Annul Roe c. Wade has been a cornerstone of Republican politics for nearly half a century. The quest to end constitutional protections for abortion rights has shaped who runs for office, how they run, and what they do when they win. He has funneled huge sums of money into remaking all three branches of government at the state and federal levels in a way that reverberates far beyond the immediate problem at hand. The anti-abortion movement has given us, in different ways, George W. Bush and Donald Trump, and the world-changing chaos that entailed. But in the days after Politico published a leaked opinion from Judge Samuel Alito that would ultimately overturn the 1973 ruling, the party's response was clearly muted.
Republican Senate candidates have been advised to say they’re “consensus builders” on abortion.
Subsequently, many Republicans, such as Senator Mitch McConnell, preferred to focus on the mechanics of history and publicly derided the leak as a historic violation of the rules. (Which it is, thank goodness.)
Wisconsin Sen. Ron Johnson told Politico's Burgess Everett that "the political ramifications of this issue are overblown" and that "it was never an issue for me in Wisconsin."
There weren't the kind of vocal assertions one would expect to achieve a goal that has galvanized and defined the conservative movement for generations. And that cautious, topic-changing response recalled right-wing radio silence last year, when the Supreme Court allowed Texas to temporarily overrule Roe via a phantom decision.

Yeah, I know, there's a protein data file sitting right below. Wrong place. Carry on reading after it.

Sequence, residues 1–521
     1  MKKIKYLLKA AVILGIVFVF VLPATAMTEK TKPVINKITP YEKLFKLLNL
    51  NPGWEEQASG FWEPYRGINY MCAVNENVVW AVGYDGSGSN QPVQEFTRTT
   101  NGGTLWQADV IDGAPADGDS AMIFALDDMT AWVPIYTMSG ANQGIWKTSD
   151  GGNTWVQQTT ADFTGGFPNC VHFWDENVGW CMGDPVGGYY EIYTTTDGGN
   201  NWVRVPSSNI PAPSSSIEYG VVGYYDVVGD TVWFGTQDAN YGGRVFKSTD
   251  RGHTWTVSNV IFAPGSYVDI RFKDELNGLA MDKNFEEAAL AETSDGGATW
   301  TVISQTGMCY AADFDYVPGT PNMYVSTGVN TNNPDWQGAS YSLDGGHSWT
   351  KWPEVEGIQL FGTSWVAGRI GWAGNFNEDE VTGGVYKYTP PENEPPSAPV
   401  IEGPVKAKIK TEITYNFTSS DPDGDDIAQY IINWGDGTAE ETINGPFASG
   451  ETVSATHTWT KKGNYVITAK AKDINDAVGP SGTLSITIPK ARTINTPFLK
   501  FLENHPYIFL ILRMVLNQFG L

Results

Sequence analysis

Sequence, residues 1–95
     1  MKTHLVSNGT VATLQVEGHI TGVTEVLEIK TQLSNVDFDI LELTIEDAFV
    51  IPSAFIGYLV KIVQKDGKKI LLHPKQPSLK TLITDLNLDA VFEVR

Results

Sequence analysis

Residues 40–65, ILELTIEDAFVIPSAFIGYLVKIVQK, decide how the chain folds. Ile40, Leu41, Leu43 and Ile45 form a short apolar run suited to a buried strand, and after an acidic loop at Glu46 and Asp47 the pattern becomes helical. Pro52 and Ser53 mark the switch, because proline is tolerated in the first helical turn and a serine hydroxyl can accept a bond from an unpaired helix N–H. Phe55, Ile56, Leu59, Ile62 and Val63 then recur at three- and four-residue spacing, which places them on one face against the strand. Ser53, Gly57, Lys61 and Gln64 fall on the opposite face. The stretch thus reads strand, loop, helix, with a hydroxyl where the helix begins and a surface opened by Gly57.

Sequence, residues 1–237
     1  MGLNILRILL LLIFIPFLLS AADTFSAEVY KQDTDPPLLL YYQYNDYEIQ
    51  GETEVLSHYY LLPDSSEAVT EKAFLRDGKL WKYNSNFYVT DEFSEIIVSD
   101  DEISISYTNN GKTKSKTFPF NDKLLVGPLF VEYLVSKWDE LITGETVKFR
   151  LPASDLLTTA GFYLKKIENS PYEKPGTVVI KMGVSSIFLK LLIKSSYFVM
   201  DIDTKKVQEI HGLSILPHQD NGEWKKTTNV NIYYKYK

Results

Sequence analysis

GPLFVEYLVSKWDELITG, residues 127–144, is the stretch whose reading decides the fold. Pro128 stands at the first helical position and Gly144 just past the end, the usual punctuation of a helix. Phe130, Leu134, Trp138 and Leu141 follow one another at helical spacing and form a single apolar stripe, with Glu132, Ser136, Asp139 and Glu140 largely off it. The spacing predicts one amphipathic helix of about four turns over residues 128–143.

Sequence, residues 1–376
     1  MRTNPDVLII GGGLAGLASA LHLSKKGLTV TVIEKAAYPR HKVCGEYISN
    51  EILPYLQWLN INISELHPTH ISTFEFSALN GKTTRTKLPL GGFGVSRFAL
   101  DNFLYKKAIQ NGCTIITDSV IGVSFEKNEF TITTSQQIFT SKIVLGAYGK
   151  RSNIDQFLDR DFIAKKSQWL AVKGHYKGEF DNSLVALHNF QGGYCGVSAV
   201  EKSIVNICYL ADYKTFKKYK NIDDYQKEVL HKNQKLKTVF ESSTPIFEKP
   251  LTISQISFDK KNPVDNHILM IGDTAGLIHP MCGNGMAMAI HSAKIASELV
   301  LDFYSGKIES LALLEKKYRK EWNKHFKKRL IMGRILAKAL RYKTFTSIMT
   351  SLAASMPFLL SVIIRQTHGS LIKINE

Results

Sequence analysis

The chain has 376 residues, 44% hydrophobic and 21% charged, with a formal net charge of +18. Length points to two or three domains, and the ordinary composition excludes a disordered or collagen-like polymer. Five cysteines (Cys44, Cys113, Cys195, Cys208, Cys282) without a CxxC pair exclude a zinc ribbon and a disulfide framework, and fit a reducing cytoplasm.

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Some of that is just thoughtful, of course, but that shift in tone is also deliberate. This week, Axios obtained an investigative memo from the National Republican Senate Committee that advised candidates to say that "abortion should be avoided as much as possible" (rather than banned and criminalized) and encouraged them to "be builders of compassionate consensus on abortion policy".”
In a key Nevada Senate race, former Attorney General Adam Laxalt very deliberately toed the current Republican line: he botched the leak while calling abortion rights "established state law." ". As the Nevada Independent's Jon Ralston pointed out, Laxalt himself has already spoken about changing that law, and a few days later he was celebrated at a dinner party for the state's Right to Life organization. It's very obvious when politicians like this suddenly start acting like this.
Roe, of course, never ceased to be a problem for someone like Johnson. For a Republican who ran for office for decades, Roe was not so much an issue in his campaigns as the underlying condition of all his campaigns, the very form of partisan politics. Over the years, you haven't seen many Republicans telling primary voters that they want to find "consensus" on abortion rights.